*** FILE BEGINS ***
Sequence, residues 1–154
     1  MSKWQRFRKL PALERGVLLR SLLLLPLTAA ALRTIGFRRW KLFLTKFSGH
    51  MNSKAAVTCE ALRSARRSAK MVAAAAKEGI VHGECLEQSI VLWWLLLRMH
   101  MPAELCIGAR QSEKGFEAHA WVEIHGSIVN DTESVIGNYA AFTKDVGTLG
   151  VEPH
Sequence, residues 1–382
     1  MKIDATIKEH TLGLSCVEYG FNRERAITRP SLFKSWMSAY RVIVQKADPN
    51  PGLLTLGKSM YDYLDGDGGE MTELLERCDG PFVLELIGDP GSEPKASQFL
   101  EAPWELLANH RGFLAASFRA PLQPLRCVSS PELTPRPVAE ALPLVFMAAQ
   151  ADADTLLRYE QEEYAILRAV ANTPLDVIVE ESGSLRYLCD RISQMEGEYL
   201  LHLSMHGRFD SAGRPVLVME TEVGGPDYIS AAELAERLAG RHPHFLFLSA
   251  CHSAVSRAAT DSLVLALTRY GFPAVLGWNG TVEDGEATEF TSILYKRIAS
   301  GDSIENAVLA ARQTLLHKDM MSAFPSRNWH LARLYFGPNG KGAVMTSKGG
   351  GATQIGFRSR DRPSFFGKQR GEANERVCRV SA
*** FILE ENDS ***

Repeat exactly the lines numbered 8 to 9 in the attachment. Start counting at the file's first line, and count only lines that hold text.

    51  PGLLTLGKSM YDYLDGDGGE MTELLERCDG PFVLELIGDP GSEPKASQFL
   101  EAPWELLANH RGFLAASFRA PLQPLRCVSS PELTPRPVAE ALPLVFMAAQ